I took the garbage next door and tossed it in their garbage room.

When I got back upstairs, I asked my roommate if she’d thrown the garbage in there with the rat last week.

“What rat?”

“Oh come on. You know which rat.”

“…you’ve seen it?”

“Have I. Have I!”

“So you know,” she breathed.

“Why did you pretend to be disgusted by it?”

“What else could I do? Tell you that the King of All Rats is presiding over our very garbage room? You’d have told me I was insane.”

“I guess. But now I understand. I get it. We have royalty here.”

“Yes. And you know what makes us. Courtiers.”

That- that was just the beginning of our involvement with the rat.

How to Be an Adult: An Education

As a twenty-one-year old college student, I’m well aware that I’m still living in a bubble of parental care and structured life, even though I’m encouraged to act independently and take on responsibilities of my own. Still, once I graduate (in two and a half years) I will need to deal with a monster scarier than in any horror story you can imagine: the infamous Real World. I sometimes wonder if I’ll be able to handle it. I’ve decided that there should be a specific school that teaches how to be an adult. Here are the courses I imagine:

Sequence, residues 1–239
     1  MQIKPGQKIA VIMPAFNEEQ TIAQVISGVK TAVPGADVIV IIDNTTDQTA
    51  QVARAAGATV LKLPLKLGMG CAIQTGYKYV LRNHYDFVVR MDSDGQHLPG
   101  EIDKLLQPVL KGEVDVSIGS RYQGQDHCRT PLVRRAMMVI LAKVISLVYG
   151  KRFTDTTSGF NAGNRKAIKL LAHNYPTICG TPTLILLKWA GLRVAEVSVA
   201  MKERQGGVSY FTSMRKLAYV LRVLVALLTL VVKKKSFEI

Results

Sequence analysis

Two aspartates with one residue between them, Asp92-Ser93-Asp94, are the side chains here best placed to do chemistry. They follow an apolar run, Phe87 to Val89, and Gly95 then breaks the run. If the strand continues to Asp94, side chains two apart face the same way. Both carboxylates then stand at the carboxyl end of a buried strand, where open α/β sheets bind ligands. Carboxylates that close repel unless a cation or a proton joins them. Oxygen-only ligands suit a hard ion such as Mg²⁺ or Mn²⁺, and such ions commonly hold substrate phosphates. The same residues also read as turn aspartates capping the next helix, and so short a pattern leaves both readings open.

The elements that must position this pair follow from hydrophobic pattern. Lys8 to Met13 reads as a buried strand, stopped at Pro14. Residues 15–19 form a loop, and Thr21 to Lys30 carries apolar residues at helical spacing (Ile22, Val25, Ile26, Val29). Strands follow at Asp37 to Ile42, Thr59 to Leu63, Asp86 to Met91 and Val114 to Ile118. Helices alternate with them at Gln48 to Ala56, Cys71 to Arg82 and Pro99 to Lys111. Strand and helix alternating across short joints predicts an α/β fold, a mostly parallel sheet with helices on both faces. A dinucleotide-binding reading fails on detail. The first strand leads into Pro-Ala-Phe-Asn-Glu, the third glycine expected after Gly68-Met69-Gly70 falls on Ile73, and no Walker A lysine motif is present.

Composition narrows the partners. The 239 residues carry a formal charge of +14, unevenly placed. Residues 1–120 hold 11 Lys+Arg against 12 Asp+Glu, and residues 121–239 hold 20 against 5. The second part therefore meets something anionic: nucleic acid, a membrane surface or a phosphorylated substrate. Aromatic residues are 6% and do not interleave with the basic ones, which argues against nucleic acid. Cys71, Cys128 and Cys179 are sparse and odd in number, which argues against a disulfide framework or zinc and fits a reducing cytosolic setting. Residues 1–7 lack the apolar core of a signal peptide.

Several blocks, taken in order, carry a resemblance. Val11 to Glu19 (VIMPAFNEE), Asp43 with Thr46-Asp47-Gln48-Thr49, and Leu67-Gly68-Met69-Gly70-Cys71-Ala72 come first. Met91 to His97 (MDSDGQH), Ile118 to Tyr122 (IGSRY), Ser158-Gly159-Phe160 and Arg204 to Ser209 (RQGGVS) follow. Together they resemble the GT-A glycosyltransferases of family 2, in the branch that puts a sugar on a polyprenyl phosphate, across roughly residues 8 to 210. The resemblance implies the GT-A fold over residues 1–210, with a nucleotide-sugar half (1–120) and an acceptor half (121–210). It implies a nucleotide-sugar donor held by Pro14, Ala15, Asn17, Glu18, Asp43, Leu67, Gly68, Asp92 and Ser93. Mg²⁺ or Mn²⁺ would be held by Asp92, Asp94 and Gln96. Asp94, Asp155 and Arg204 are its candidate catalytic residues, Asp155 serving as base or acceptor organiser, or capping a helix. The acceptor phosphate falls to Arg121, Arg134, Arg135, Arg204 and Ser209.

-How to Manage Your Money 101 (a required course for the following electives: How to Be Frugal Without Being Stingy; The Bare Essentials: What Are They?; How to Take a Vacation Without Regretting it Forever; and the ever-popular How to Pay Off Your Student Loans.)

-Being Single (a required course for the following electives: How to Know When It’s Time to Break Up; How to Dump Your Partner with Kindness, Courtesy, and Minimal Ego-Damage; How to Survive Rejection; Bars, Beaches and Bowling Alleys: Meeting People; The Online Dating Scene: Going Digital)